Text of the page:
Associations to the word «Fight»


FIGHT, verb. (intransitive) To contend in physical conflict, either singly or in war, battle etc.
FIGHT, verb. (intransitive) To strive for; to campaign or contend for success.
FIGHT, verb. (transitive) To conduct or engage in (battle, warfare etc.).
FIGHT, verb. (transitive) To engage in combat with; to oppose physically, to contest with.
FIGHT, verb. (transitive) To try to overpower; to fiercely counteract.
FIGHT, verb. (transitive) (archaic) To cause to fight; to manage or manoeuvre in a fight.
FIGHT, noun. An occasion of fighting.
FIGHT, noun. (archaic) A battle between opposing armies.
FIGHT, noun. A physical confrontation or combat between two or more people or groups.
FIGHT, noun. (sports) A boxing or martial arts match.
FIGHT, noun. A conflict, possibly nonphysical, with opposing ideas or forces; strife.
FIGHT, noun. The will or ability to fight.
FIGHT, noun. (obsolete) A screen for the combatants in ships.
FIGHT A LOSING BATTLE, verb. To continue to wage war when it is clear that one is not going to win.
FIGHT A LOSING BATTLE, verb. (idiomatic)To try to do something so difficult that it will probably end in failure.
FIGHT BACK, verb. (intransitive) to defend oneself by fighting.
FIGHT BACK, verb. (intransitive) to counterattack; to resist an attack.
FIGHT BACK, verb. (transitive) to repress; to struggle to repress.
FIGHT BACK, verb. (intransitive) (in sports) to overturn a losing deficit.
FIGHT CHOREOGRAPHY, noun. (film) (theatre) The art of arranging and designing sequences of staged combats, such as for use in theatre or film productions.
FIGHT FIRE WITH FIRE, verb. (idiomatic) To respond to an attack with a similar or identical counter-attack (i.e. to respond to gunfire with reciprocal gunfire).
FIGHT FIRES, verb. (idiomatic) To deal with urgent matters and minor emergencies rather than longer-term work.
FIGHT IN ARMOUR, verb. (idiomatic) (1811) To have sex while using a condom.
FIGHT IT OUT, verb. To fight until a decisive and conclusive result is reached.
FIGHT OFF, verb. To succeed in defeating a challenge, or an attack.
FIGHT OFF, verb. To resist, particularly an infection or an emotion.
FIGHT OR FLIGHT, noun. Alternative spelling of fight-or-flight
FIGHT SHY, verb. To avoid meeting fairly or at close quarters; to keep out of reach.
FIGHT SHY OF, verb. (idiomatic) To avoid something.
FIGHT SONG, noun. A sports team's anthem, sung by fans to cheer the team.
FIGHT SONGS, noun. Plural of fight song
FIGHT THE GOOD FIGHT, verb. To battle or try to achieve something for a noble cause.
FIGHT THE TAPE, verb. (trading) To make a trade contrary to the overall tendency of prices, i.e., to buy when prices are generally falling or sell when prices are generally rising.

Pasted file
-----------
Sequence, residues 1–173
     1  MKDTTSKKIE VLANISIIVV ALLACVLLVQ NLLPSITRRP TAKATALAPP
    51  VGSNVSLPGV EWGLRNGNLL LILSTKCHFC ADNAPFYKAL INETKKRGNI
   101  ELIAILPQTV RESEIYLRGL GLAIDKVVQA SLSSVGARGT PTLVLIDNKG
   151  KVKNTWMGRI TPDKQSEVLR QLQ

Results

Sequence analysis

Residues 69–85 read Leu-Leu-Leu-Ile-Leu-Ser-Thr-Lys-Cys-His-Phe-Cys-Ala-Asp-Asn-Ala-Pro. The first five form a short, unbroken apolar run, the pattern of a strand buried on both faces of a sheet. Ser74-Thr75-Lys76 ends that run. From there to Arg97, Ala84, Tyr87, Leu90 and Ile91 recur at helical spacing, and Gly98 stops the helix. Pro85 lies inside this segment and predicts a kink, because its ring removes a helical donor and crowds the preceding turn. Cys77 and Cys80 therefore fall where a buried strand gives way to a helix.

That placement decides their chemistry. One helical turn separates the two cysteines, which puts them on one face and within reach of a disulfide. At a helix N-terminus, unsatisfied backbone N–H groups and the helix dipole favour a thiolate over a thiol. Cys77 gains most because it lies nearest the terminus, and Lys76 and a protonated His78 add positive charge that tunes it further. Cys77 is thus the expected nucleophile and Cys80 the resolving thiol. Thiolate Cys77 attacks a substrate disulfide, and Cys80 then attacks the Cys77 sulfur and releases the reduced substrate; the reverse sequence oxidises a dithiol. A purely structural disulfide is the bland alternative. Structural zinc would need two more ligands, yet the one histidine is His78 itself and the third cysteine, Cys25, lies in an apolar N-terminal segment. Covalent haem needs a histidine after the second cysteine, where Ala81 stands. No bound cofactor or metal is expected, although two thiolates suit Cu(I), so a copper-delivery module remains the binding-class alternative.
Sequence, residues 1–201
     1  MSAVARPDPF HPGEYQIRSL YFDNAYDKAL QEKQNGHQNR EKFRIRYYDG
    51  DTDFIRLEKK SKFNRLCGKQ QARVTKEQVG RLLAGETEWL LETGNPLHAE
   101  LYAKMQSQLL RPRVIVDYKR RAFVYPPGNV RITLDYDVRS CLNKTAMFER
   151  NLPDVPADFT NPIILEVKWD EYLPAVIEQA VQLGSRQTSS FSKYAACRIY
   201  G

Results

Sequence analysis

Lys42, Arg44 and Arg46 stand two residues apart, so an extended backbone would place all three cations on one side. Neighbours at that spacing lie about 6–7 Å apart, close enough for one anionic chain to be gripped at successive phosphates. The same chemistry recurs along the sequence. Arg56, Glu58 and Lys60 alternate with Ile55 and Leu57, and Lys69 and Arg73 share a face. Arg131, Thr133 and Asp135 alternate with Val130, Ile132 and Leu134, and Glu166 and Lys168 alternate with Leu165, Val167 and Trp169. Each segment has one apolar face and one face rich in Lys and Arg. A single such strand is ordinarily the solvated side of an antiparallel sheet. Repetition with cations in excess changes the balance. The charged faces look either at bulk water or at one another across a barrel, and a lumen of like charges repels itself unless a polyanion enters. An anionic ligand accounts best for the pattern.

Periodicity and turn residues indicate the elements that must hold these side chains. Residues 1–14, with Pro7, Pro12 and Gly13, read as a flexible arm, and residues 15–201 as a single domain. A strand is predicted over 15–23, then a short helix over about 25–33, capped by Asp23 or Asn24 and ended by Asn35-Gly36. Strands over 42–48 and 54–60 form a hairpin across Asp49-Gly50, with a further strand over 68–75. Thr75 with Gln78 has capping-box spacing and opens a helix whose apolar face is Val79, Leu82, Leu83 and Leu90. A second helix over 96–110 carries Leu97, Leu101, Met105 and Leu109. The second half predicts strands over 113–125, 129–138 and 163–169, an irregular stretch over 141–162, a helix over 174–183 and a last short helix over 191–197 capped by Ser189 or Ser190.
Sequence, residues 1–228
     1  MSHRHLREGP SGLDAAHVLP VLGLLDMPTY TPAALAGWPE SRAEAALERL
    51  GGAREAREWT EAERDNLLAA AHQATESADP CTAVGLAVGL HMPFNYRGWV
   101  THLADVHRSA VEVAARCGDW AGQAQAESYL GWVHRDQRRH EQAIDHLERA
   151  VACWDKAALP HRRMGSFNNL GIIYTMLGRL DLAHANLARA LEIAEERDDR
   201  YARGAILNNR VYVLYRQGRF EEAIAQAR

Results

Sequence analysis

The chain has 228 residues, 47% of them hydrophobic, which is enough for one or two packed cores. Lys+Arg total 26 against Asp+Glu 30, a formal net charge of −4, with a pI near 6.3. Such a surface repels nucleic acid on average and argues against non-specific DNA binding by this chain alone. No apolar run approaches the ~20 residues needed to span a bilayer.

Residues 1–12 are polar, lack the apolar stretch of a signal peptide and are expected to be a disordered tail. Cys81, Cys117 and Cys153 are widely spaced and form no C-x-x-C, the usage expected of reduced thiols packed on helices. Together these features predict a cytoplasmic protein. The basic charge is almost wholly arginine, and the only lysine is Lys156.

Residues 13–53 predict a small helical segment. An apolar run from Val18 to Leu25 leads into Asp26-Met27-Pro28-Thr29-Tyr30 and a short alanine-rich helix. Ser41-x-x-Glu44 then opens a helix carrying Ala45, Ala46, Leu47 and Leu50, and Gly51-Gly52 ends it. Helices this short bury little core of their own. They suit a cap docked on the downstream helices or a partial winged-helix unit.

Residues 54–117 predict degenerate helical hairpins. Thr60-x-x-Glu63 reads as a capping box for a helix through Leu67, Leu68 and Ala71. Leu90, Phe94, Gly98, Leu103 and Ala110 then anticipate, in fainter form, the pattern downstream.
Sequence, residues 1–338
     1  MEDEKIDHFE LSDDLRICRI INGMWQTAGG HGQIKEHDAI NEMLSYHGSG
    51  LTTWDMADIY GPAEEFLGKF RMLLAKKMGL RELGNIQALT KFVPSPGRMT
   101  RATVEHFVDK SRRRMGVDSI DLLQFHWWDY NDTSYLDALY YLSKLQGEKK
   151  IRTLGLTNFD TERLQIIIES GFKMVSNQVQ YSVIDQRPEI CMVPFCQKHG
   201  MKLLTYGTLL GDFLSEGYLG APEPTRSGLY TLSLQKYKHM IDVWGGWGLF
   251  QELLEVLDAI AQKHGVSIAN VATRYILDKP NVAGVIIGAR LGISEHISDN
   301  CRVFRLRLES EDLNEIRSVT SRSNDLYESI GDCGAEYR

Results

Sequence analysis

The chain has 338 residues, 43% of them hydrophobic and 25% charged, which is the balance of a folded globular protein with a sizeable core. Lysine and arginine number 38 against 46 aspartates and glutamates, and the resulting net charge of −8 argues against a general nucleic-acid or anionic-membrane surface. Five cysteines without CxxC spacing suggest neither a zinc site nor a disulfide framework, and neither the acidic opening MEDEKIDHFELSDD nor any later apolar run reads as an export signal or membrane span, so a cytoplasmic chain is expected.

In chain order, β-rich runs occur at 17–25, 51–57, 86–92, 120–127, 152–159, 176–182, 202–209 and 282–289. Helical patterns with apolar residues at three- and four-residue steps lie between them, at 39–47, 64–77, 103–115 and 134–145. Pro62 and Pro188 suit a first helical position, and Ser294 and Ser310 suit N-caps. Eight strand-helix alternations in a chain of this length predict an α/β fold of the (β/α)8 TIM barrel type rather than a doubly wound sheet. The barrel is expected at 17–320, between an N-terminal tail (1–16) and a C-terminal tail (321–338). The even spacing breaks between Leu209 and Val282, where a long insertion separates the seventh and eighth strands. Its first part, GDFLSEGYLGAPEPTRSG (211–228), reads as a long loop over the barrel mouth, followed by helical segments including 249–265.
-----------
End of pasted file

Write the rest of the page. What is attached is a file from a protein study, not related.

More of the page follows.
FIGHT TO THE DEATH, verb. To take part in a battle in which the winner is the sole survivor.
FIGHT TOOTH AND NAIL, verb. (idiomatic) To use every means possible to overcome a difficult opposition

Dictionary definition

FIGHT, noun. A hostile meeting of opposing military forces in the course of a war; "Grant won a decisive victory in the battle of Chickamauga"; "he lost his romantic ideas about war when he got into a real engagement".
FIGHT, noun. The act of fighting; any contest or struggle; "a fight broke out at the hockey game"; "there was fighting in the streets"; "the unhappy couple got into a terrible scrap".
FIGHT, noun. An aggressive willingness to compete; "the team was full of fight".
FIGHT, noun. An intense verbal dispute; "a violent fight over the bill is expected in the Senate".
FIGHT, noun. A boxing or wrestling match; "the fight was on television last night".
FIGHT, verb. Be engaged in a fight; carry on a fight; "the tribesmen fought each other"; "Siblings are always fighting"; "Militant groups are contending for control of the country".
FIGHT, verb. Fight against or resist strongly; "The senator said he would oppose the bill"; "Don't fight it!".
FIGHT, verb. Make a strenuous or labored effort; "She struggled for years to survive without welfare"; "He fought for breath".
FIGHT, verb. Exert oneself continuously, vigorously, or obtrusively to gain an end or engage in a crusade for a certain cause or person; be an advocate for; "The liberal party pushed for reforms"; "She is crusading for women's rights"; "The Dean is pushing for his favorite candidate".

Wise words

Language is a process of free creation; its laws and principles are fixed, but the manner in which the principles of generation are used is free and infinitely varied. Even the interpretation and use of words involves a process of free creation.
Noam Chomsky